Although the scandal has been unusually large in scale, it is hardly unique. Since the rapid deregulation of the 1980s and 1990s, criminal activity has a mainstream activity of the most powerful banks. Charles Ferguson’s brilliant documentary Inside Job (which I cannot recommend highly enough- film here, transcript here) details multifarious cases fraud within the largest and most powerful banks.

In 2002, ten investments banks (Bear Stearns, Credit Suisse, Deutsch Bank, J.P. Morgan, Merril Lynch, Morgan Stanley, UBS, Goldman Sachs and Citigroup) were collectively fined 1.4 billion dollars for promoting and profiting from internet companies they knew would fail. J.P. Morgan bribed US government officials, Riggs Bank laundered money for General Pinochet, Credit Suisse helped to launder money for Iran’s nuclear program, violating government sanctions, Citibank funnelled $100 million of drug money out of Mexico. Fannie Mae faced fines of $400 million for overstating earnings by more than £10 billion between 1998 and 2003. Freddie Mac was fined $125 million for accounting fraud in 2003.  UBS (as mentioned in a previous article) was fined $780 million for illegal tax evasion. It was forced to release information which eventually helped to expose the recent Libor scandal. Citibank, J.P. Morgan and Merrill Lynch were fined $385 million for helping ENRON to conceal its fraud.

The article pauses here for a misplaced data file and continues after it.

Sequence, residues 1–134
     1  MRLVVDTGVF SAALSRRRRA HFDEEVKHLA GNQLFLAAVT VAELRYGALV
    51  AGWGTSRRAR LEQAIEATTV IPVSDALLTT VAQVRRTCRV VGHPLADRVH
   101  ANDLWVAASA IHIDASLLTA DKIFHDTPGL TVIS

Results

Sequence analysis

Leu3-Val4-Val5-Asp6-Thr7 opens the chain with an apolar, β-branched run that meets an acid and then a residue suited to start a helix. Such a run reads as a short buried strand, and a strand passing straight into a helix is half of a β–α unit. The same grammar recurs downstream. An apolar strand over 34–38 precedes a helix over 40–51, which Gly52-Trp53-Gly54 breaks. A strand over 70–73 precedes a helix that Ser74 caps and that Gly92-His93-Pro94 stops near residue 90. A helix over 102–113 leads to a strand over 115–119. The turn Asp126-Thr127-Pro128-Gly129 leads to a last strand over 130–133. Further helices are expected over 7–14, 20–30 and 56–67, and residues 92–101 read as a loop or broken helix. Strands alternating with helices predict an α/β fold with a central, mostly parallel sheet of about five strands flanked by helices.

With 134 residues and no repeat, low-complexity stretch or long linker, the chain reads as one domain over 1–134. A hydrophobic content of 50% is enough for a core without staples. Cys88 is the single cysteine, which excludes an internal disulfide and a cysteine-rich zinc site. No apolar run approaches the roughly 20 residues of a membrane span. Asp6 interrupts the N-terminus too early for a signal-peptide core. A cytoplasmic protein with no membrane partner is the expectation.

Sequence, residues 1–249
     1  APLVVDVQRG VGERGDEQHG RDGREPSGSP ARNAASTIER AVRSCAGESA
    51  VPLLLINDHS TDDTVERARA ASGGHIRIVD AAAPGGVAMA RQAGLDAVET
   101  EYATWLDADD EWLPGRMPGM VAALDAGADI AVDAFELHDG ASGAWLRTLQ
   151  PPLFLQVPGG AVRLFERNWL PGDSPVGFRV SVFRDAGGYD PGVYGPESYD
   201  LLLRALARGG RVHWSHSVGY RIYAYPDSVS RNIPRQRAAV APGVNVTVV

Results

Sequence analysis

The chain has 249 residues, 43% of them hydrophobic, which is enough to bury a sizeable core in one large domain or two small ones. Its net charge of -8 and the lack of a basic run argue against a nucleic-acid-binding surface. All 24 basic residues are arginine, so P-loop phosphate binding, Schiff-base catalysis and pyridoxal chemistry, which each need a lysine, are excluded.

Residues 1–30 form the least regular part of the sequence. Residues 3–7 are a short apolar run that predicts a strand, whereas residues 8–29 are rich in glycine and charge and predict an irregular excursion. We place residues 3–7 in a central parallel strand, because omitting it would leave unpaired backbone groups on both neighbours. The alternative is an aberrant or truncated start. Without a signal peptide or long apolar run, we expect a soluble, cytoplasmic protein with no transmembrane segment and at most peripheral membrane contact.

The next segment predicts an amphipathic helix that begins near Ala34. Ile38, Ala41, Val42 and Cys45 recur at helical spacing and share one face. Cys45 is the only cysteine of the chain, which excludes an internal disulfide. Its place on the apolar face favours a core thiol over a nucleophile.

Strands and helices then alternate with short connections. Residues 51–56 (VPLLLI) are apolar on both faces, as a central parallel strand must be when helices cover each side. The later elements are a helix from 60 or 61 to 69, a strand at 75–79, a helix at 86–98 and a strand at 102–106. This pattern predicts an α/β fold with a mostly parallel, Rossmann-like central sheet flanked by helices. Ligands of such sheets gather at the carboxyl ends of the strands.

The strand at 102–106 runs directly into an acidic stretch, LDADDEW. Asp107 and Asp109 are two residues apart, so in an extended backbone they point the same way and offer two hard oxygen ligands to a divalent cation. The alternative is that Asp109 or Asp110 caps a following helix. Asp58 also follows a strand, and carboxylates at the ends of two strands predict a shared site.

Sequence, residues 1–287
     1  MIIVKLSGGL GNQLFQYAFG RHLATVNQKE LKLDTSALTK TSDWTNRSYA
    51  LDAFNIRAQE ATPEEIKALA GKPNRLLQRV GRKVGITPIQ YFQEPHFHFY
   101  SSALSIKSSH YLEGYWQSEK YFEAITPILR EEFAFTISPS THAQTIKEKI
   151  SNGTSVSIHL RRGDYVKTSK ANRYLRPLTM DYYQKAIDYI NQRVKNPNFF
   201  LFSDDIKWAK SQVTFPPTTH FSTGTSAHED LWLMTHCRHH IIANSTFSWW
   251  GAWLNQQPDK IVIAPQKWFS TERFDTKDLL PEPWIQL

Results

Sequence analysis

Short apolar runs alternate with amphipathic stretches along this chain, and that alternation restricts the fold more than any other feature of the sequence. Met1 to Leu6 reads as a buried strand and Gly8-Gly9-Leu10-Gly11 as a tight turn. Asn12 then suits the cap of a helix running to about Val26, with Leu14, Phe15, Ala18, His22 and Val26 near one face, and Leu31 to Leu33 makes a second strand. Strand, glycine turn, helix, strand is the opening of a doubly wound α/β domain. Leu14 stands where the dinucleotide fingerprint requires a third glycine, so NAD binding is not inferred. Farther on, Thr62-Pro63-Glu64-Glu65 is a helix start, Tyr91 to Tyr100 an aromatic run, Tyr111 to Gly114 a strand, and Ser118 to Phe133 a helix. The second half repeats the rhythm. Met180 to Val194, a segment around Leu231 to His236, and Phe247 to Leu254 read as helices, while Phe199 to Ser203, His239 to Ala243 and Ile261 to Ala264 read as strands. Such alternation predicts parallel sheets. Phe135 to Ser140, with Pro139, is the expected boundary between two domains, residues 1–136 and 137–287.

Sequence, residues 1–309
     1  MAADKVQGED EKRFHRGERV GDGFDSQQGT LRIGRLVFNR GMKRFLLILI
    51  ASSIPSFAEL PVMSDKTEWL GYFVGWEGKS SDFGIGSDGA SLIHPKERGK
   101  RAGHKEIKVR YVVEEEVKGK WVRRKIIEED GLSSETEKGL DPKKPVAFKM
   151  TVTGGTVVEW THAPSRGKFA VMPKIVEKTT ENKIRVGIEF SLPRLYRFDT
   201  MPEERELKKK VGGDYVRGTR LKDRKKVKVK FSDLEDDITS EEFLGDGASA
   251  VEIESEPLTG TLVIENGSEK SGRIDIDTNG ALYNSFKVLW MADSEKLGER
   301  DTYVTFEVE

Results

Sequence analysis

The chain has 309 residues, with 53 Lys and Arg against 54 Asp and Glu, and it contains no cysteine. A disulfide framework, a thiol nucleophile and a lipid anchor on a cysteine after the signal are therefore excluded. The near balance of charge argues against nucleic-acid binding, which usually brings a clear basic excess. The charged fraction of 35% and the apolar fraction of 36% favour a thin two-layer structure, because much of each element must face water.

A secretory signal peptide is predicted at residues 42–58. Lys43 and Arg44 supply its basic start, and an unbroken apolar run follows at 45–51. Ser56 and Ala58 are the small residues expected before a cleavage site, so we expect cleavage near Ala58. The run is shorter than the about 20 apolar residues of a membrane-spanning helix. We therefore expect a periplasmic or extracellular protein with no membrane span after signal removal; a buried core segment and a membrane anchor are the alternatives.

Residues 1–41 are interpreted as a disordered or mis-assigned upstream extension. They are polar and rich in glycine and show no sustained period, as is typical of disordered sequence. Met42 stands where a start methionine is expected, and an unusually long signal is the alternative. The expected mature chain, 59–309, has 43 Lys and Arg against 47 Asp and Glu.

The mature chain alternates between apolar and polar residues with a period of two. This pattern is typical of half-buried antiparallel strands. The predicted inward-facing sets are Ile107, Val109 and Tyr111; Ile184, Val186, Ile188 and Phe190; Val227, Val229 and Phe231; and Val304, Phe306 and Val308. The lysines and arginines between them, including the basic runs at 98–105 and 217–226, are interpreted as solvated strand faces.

Banks were routinely committing fraud to profit from the mortgage market in the run up to the financial crisis of 2007. According to Charles Ferguson:

Goldman Sachs bought at least 22 billion dollars of credit default swaps from AIG. It was so much that Goldman realized that AIG itself might go bankrupt; so they spent 150 million dollars insuring themselves against AIG’s potential collapse. Then, in 2007, Goldman went even further. They started selling CDOs specifically designed so that the more money their customers lost, the more money Goldman Sachs made…

Hedge fund manager John Paulson made 12 billion dollars betting against the mortgage market. When John Paulson ran out of mortgage securities to bet against, he worked with Goldman Sachs and Deutsche Bank to create more of them. Morgan Stanley was also selling mortgage securities that it was betting against.